May is Jewish American Heritage Month

tags: Judaism, D.C., Washington, Jewish American history, Jewish Americans



What do Bob Dylan, J.D Salinger, Harrison Ford, Jon Stewart, Barbara Walters, Barbara Hersey, and Leonard Nimoy all have in common, aside from being awesome?

They're all Jewish Americans.

May is Jewish American Heritage Month, and this year's theme is American Jews in entertainment.(With apologies to William Shatner, who was born in Canada, and judging by his acting he's probably not kosher anyway.)

Jewish American Heritage Month was established by presidential decree in 2006, after lobbying efforts by the Jewish Museum of Florida, the South Florida Jewish community, Florida congresswoman Debbie Wasserman Schultz, and Pennsylvania senator Arlen Specter (Fittingly, Manischewitz is one of the major corporate sponsors.)

The Library of Congress, the National Archives, the National Endowment for the Humanities, the National Gallery of Art, the National Park Service, and the United States Holocaust Memorial Museum have partnered to create a website for JAHM, featuring selections from their digital collections on Jewish American history, oral histories, and online exhibits. NEH has its own collection of American Judaica on their EDSITEment! website, and the JAHM foundation has its own website, complete with a national events listing. They are also sponsored an essay contest for high school students and, in a nod to modernity, JAHM even has a dedicated Twitter feed.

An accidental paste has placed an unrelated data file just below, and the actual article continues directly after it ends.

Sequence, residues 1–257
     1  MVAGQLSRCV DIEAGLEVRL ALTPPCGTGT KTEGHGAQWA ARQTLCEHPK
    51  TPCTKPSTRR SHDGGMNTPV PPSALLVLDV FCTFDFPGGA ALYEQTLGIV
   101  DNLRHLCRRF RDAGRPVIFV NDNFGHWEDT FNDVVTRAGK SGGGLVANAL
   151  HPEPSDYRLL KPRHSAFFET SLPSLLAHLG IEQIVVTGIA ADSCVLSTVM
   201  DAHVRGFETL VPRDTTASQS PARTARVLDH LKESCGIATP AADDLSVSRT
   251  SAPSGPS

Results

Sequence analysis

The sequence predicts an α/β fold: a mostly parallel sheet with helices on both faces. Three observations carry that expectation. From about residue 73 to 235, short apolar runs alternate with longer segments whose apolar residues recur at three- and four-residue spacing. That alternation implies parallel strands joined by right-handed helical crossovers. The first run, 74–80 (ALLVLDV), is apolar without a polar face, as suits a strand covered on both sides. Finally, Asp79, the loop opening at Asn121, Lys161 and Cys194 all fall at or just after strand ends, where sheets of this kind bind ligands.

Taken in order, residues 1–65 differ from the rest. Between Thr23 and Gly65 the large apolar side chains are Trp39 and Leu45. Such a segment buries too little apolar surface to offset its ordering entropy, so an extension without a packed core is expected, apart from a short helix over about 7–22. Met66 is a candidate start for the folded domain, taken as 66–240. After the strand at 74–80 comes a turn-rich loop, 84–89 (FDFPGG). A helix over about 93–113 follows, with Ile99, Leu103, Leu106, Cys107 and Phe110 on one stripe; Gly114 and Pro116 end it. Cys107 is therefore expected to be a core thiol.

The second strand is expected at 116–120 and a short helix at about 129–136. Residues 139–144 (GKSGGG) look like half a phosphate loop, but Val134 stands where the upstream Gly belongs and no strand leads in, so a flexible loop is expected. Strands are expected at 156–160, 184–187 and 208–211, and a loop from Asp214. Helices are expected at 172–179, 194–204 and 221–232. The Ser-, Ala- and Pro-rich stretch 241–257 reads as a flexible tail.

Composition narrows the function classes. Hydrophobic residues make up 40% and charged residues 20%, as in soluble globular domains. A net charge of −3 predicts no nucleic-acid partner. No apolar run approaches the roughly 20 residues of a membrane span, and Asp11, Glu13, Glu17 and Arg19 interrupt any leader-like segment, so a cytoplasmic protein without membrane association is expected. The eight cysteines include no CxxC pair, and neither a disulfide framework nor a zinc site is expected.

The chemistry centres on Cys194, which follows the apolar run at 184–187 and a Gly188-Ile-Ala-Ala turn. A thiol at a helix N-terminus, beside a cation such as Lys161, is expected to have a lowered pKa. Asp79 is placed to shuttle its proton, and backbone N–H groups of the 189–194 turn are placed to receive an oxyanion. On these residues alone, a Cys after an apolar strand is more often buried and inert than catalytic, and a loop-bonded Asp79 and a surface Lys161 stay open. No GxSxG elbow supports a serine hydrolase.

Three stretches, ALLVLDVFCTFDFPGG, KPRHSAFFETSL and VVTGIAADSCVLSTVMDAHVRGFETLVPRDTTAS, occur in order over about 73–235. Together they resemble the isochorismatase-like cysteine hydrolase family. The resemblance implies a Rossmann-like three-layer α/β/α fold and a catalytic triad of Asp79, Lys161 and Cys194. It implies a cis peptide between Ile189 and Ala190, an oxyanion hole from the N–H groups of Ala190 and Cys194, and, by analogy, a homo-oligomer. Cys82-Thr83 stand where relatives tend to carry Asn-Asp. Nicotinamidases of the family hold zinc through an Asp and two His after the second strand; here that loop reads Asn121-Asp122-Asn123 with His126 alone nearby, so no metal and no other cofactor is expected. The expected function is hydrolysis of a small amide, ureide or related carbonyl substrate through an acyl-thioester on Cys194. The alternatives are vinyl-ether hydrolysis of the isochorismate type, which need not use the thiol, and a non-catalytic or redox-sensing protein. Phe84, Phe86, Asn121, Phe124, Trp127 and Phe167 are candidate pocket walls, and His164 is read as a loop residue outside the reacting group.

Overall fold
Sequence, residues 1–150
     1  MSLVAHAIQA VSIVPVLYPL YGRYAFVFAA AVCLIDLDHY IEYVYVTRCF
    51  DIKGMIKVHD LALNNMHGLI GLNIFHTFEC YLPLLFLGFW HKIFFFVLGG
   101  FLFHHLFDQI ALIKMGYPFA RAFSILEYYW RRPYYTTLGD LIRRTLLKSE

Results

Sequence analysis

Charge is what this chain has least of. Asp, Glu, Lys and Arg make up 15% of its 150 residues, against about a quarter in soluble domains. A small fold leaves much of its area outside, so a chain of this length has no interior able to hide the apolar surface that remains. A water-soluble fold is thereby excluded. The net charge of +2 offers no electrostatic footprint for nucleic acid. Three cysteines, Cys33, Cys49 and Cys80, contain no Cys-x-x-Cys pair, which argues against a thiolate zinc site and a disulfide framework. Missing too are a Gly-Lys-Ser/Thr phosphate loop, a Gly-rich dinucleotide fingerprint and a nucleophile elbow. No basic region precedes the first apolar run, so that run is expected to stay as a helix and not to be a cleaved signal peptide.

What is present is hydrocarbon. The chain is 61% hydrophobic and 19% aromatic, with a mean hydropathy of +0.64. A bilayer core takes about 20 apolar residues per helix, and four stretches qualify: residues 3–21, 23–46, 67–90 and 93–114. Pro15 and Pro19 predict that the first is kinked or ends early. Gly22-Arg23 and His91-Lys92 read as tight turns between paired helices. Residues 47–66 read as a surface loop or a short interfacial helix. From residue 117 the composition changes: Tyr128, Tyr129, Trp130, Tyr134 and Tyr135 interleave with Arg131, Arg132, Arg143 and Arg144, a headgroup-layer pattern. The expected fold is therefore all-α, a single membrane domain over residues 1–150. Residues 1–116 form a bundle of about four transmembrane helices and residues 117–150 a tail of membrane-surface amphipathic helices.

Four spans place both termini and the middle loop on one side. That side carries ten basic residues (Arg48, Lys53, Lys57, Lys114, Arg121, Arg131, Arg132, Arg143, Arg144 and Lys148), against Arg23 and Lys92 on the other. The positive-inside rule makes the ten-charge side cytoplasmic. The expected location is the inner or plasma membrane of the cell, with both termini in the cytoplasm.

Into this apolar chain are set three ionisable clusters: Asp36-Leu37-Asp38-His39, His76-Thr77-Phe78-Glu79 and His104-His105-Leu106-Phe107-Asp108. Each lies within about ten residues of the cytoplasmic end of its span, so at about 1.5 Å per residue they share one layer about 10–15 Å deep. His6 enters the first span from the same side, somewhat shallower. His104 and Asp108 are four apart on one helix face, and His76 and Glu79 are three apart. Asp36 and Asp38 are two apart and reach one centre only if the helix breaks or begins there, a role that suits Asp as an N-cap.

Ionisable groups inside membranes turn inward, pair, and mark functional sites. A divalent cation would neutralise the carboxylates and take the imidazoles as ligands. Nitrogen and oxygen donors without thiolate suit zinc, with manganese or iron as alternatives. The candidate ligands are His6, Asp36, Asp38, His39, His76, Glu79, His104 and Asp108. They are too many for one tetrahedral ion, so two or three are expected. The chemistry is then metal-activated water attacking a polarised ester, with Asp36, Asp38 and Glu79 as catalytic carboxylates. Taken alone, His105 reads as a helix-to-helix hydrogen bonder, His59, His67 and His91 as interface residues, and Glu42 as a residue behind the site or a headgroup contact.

And though the sequester has taken a bite out of cultural budgets in Washington, D.C. (unlike past years, there will be no White House reception for JAHM), the nation's capitol will still host a number of events to commemorate Jewish heritage. Some highlights:

  • Thursday, May 9, 7:00pm: Gerda Wasserman Klein, a Holocaust survivor who was the subject of the Academy Award-winning HBO documentary One Survivor Remembers, will discuss her life after a screening of the film. National Archives, William McGowan Theater.
  • Monday, May 13, noon: Documentary filmmaker Aviva Kempner will discuss The Life and Times of Hank Greenberg, the baseball Hall of Famer known as “the Hebrew Hammer.” Library of Congress, Pickford Theater.
  • Thursday, Mary 16, 7:30pm: Pamela Nadell, chair of the history department at American University, will lead a discussion on Jacob Riis's landmark work of photojournalism How the Other Half Lives, which exposed the terrible living conditions in New York City's slums. American University.


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